Political transition is not only about the struggle for the future. The past is also present in the transition where politics and history are used in various symbolic, moral and juridical levels. This work deals with modern Hungarian history, and particularly with how this history has been exploited in the first post-communist years of the 1990s. Heino Nyyssonen focuses on one of the most significant events in Cold War Europe, the Hungarian "uprising" in 1956, and how the memory of this upsetting "event" has later influenced Hungarian political thought. The specific resurrection of the past through reburials, national days, memorials, and the changing of street names has occurred since the end of the 1980s, and through their analysis it becomes clear that the current politics is bound to the past in many ways. Nyyssonen follows the narrative of "1956" not only through the problems of history writing, but also in the everyday politics of the 1990s.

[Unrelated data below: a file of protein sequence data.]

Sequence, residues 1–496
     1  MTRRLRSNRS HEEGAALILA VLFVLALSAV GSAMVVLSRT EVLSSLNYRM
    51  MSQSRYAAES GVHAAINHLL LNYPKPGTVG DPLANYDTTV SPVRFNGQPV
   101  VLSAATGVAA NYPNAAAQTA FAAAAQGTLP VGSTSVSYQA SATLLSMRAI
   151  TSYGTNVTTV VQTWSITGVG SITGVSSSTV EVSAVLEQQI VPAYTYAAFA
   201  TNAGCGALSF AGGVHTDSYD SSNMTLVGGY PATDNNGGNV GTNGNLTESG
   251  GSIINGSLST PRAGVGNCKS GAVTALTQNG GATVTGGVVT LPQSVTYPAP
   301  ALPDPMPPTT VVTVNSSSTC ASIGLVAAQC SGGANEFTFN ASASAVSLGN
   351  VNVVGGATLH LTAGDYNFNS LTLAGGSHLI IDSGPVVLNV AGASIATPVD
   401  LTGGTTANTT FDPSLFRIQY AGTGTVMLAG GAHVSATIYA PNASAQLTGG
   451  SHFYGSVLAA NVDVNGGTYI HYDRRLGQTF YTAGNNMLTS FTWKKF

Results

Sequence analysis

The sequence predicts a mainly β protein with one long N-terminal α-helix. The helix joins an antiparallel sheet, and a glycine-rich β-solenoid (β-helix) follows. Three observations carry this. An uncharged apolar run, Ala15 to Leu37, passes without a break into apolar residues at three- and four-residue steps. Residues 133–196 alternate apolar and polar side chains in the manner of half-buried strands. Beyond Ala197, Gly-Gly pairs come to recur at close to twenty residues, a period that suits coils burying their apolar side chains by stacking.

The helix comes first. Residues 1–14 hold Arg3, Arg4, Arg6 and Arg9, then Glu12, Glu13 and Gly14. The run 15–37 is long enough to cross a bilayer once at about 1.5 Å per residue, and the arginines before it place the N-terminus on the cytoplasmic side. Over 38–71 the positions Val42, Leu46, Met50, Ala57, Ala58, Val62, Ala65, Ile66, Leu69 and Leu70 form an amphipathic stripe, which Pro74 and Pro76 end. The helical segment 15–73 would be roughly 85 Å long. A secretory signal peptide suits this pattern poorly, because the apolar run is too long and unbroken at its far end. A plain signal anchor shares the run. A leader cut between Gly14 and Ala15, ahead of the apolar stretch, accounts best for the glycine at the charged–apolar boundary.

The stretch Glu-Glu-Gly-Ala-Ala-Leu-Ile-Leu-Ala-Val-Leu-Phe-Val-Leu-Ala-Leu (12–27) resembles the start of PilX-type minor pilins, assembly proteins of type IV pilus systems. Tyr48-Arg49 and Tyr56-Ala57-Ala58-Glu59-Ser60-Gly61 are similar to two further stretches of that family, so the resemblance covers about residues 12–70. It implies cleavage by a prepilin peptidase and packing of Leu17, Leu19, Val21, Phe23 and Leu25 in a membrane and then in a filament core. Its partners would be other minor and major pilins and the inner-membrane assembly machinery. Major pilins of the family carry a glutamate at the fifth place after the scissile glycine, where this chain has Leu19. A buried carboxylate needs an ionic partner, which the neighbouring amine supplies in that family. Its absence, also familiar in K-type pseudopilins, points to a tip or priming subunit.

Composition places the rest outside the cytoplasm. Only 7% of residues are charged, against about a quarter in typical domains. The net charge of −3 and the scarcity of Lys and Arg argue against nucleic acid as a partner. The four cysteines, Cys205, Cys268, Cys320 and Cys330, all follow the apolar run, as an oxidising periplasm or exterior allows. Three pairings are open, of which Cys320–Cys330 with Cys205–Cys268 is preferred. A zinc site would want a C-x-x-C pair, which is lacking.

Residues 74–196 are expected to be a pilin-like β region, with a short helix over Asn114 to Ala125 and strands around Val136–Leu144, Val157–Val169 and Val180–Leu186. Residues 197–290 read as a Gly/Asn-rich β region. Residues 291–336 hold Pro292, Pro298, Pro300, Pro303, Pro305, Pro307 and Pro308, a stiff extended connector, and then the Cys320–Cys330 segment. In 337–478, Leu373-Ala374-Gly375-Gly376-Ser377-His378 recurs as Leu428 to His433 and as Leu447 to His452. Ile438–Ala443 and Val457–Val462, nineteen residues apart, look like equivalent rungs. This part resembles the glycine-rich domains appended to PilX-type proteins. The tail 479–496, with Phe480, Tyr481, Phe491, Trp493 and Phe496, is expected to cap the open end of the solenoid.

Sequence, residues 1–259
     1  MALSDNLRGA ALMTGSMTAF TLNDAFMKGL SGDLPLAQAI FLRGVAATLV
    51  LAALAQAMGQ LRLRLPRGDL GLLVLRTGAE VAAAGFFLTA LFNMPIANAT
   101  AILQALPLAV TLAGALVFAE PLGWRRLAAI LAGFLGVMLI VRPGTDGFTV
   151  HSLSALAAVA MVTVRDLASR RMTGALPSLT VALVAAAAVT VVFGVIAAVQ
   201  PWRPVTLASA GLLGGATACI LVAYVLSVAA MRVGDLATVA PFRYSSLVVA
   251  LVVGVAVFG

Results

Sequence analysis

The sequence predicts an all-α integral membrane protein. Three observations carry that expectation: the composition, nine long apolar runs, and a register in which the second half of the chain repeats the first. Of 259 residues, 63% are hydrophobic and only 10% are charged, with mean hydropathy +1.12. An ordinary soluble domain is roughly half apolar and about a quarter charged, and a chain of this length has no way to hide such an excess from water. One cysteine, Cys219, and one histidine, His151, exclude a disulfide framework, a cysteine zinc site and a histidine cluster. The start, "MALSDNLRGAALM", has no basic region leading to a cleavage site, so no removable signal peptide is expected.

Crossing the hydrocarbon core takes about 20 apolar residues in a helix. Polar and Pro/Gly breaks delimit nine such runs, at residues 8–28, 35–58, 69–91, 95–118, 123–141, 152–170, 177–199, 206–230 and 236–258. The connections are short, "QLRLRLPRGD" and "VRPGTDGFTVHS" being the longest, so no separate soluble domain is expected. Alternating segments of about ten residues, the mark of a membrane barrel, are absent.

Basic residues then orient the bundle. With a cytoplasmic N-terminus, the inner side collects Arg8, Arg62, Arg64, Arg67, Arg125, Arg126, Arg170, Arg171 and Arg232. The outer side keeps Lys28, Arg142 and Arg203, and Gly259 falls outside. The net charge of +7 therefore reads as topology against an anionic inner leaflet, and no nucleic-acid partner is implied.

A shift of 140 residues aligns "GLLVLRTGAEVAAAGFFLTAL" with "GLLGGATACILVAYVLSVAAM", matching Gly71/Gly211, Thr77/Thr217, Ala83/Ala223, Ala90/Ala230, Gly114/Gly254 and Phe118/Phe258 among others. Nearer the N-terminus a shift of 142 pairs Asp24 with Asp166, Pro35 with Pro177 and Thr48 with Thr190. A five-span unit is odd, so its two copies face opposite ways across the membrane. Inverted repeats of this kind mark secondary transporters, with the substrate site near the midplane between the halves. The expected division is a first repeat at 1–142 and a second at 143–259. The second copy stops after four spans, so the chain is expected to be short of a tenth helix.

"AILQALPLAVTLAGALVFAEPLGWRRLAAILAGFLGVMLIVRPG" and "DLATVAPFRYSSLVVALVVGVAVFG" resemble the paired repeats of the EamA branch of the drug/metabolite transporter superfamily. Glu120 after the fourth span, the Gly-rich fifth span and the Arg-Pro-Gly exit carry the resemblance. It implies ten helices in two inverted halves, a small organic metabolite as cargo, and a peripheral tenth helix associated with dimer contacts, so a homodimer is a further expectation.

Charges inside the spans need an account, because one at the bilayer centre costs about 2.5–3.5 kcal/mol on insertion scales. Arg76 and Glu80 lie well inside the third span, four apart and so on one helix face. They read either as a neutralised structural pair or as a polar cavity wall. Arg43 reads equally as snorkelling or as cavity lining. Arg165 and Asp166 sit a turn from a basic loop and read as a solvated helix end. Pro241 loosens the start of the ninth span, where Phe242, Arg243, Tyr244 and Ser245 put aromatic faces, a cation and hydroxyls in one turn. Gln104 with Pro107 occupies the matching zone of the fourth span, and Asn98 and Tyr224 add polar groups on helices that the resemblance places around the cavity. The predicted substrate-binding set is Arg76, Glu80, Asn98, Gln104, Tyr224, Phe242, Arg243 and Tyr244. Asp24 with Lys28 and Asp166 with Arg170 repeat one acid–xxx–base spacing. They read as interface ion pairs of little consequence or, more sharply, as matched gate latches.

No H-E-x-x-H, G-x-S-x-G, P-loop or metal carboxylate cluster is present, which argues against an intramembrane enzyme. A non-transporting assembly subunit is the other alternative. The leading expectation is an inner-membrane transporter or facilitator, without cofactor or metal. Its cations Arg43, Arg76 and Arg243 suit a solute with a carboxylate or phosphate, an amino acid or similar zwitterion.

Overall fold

From the Publisher
Political transition in Hungary
Heino Nyyssonen focuses on the 'uprising' of the Hungarians in 1956, and how the memory of it has later influenced on Hungarian political thought. "This is a pioneering work of major significance... Althought the book is about Hungary, its conclusions are of immediate relevance to post-communist systems generally in that they are all engaged in coming to terms with the legacy of communism." Professor George Schöpflin, University of London